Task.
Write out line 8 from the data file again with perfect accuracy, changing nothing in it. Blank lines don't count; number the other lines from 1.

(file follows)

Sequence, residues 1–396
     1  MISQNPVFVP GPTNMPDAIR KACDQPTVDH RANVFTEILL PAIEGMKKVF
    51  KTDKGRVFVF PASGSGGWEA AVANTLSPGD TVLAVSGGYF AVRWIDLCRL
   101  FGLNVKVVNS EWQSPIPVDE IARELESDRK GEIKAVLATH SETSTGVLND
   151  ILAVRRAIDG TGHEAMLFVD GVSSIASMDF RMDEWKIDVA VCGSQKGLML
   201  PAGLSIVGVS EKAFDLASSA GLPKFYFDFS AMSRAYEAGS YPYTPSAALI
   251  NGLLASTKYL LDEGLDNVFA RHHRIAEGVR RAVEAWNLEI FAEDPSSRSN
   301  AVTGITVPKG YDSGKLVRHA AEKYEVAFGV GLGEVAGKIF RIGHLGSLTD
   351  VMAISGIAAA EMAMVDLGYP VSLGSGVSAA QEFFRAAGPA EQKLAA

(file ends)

   301  AVTGITVPKG YDSGKLVRHA AEKYEVAFGV GLGEVAGKIF RIGHLGSLTD